Another factor to consider is the thermic effect of food, which refers to the energy required to digest, absorb, and metabolize nutrients. Protein has a higher thermic effect than carbohydrates and fat, meaning that a diet high in protein requires more energy for digestion, further contributing to a calorie deficit (Westerterp, 2004). Additionally, dietary fat is metabolized more efficiently than carbohydrates, with a lower proportion of energy expended during its conversion to body fat (Schutz, 2004). This makes a low-fat, high-carbohydrate diet more effective for long-term weight loss.
Population studies provide further support for the long-term success of low-fat diets. Countries in Asia, particularly Japan, have traditionally consumed low-fat, high-carbohydrate diets, and their populations have lower rates of obesity and obesity-related diseases compared to Western countries (Nakamura et al., 2004; Popkin, 2001). Moreover, no cultures throughout history have chosen to abandon carbohydrate consumption, suggesting that low-carb diets may not be a natural or sustainable way of eating.
Rapid Water Weight Loss and Low-Carb Diets
One of the reasons low-carb diets have gained popularity is the rapid water weight loss they can induce in the early stages (Jensen et al., 2018). When carbohydrates are restricted, glycogen stores in the muscles and liver are depleted, and water is released as a result (Kreitzman et al., 1992). This rapid water weight loss can lead people to believe that low-carb diets are more effective than they actually are in terms of actual fat loss.
In contrast, low-fat diets may not cause the same rapid water weight loss but are more effective at promoting long-term fat loss. A meta-analysis comparing low-carbohydrate and low-fat diets found that while low-carb diets resulted in greater short-term weight loss, the difference diminished over time, with no significant differences in weight loss after one year (Johnston et al., 2014). This highlights the importance of focusing on sustainable, long-term weight loss strategies rather than short-term results.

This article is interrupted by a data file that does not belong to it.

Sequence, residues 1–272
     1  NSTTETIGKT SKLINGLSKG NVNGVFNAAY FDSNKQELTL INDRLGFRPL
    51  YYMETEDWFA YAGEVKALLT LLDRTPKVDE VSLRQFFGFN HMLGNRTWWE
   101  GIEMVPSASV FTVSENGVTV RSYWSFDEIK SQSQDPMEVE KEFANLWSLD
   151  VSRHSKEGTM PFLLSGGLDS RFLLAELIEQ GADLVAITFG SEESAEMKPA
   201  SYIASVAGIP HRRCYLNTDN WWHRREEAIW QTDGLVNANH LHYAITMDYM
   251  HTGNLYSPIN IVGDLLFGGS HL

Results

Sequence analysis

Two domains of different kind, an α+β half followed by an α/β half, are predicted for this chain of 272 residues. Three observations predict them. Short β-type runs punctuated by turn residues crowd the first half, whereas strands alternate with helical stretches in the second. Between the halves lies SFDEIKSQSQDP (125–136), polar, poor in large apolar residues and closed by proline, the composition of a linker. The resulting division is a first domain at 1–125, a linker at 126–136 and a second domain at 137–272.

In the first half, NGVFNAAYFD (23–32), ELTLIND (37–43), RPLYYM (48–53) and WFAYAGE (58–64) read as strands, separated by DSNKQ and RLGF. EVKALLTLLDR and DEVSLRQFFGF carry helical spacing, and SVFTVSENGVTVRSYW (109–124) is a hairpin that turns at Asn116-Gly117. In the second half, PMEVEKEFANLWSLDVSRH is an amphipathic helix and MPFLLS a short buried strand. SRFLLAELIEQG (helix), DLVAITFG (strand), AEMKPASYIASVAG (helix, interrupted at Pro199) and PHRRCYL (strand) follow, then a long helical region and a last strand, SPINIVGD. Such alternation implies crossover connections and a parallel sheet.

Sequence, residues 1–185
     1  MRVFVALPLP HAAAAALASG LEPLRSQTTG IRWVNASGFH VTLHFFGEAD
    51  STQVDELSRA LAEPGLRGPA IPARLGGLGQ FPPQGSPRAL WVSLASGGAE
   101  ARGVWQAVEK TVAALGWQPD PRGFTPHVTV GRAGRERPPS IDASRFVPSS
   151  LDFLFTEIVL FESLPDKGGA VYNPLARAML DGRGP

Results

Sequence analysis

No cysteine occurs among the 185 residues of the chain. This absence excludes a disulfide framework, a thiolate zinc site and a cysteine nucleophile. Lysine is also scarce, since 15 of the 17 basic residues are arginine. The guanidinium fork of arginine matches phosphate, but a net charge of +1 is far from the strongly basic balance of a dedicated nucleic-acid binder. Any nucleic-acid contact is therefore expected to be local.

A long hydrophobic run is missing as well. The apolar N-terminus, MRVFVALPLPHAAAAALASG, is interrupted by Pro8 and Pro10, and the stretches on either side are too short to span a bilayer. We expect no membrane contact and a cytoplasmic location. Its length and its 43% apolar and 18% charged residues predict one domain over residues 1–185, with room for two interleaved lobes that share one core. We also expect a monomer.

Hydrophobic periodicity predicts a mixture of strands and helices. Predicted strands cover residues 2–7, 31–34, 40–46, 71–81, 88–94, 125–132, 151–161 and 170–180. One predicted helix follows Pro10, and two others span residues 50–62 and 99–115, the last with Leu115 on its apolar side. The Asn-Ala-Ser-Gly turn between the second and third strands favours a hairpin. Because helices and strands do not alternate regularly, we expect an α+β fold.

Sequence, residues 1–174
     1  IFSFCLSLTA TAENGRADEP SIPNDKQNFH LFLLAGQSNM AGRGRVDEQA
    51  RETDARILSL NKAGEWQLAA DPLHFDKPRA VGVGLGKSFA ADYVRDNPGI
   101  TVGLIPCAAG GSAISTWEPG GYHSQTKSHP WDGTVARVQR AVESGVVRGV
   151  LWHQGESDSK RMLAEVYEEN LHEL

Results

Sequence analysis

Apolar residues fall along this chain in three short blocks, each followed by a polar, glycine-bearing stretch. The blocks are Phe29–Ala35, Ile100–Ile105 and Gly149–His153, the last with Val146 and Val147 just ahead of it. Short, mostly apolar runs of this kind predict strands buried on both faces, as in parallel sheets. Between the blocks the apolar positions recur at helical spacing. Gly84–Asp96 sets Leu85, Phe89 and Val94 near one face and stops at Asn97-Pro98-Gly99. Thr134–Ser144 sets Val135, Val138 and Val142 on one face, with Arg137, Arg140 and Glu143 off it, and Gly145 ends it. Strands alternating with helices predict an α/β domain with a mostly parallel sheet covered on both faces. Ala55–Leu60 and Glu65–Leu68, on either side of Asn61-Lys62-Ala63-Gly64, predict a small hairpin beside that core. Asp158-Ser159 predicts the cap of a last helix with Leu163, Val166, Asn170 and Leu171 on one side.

Challenges Americans Face in Adopting a Low-Fat Diet
The popularity of low-carbohydrate diets and the myths they create and perpetuate can make it challenging for Americans to adopt a low-fat diet. One major source of confusion is the fact that low-fat diets are high in carbohydrates, while low-carbohydrate diets are high in fat. This can lead to misconceptions about the roles of these macronutrients in weight loss and overall health.
Another challenge is the widespread belief that metabolic syndrome and insulin resistance are best managed with low-carbohydrate diets. While it is true that low-carb diets can improve glycemic control and insulin sensitivity in the short term (Gannon & Nuttall, 2004), it is important to recognize that the primary driver of metabolic syndrome is excess body weight, and the most effective treatment is weight loss, regardless of the diet approach used (Després et al., 2008).
A quote by Dr. John McDougall sums it up well: "The best diet for insulin resistance and diabetes is the best diet for weight loss, and that diet is low-fat, not low-carb." This statement emphasizes that weight loss, rather than macronutrient composition, is the key factor in managing insulin resistance and improving health outcomes.
One obstacle in adopting a low-fat diet is the effort required to learn new eating habits and meal planning strategies. However, this effort is worth it because low-fat diets are ultimately more human and livable than highly restrictive low-carb diets. By focusing on nutrient-dense, high-fiber, low-fat foods, individuals can enjoy a wide variety of satisfying meals that promote long-term weight loss and overall health.
While all diets can be effective for short-term weight loss, low-calorie-density diets, or low-fat diets, appear to offer the most sustainable and effective approach for long-term success. The scientific evidence supports the notion that low-fat diets are more in line with traditional eating patterns and are more effective in promoting long-term weight loss and health improvements. By focusing on consuming nutrient-dense, low-calorie foods and reducing dietary fat, individuals can create a calorie deficit without experiencing excessive hunger or feeling deprived. This approach is more sustainable, natural, and aligned with the way humans have historically eaten, making it the ideal strategy for lasting weight loss and improved health.